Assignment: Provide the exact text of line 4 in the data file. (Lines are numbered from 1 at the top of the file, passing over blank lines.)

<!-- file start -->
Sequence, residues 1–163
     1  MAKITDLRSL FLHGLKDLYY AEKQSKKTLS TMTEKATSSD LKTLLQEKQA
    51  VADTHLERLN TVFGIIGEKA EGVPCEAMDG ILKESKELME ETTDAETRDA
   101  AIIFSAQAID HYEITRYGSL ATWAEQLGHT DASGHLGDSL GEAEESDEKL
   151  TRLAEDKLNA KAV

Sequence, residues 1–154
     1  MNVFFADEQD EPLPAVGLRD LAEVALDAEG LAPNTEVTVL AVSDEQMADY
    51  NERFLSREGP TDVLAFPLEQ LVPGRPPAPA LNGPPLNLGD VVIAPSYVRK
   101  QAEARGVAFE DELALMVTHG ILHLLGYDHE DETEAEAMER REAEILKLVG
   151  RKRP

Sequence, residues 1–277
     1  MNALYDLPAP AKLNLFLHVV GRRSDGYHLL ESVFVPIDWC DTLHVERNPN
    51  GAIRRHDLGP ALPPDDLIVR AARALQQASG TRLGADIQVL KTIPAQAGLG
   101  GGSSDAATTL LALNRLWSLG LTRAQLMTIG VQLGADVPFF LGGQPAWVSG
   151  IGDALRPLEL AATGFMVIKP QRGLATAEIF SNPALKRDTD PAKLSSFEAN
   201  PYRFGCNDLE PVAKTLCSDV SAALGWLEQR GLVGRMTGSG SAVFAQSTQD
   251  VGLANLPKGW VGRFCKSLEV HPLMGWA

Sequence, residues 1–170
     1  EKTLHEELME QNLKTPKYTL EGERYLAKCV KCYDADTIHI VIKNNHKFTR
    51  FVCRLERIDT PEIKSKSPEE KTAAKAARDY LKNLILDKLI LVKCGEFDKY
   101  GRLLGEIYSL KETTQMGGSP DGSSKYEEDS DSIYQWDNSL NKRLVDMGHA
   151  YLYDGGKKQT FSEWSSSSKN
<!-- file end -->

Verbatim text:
   101  AIIFSAQAID HYEITRYGSL ATWAEQLGHT DASGHLGDSL GEAEESDEKL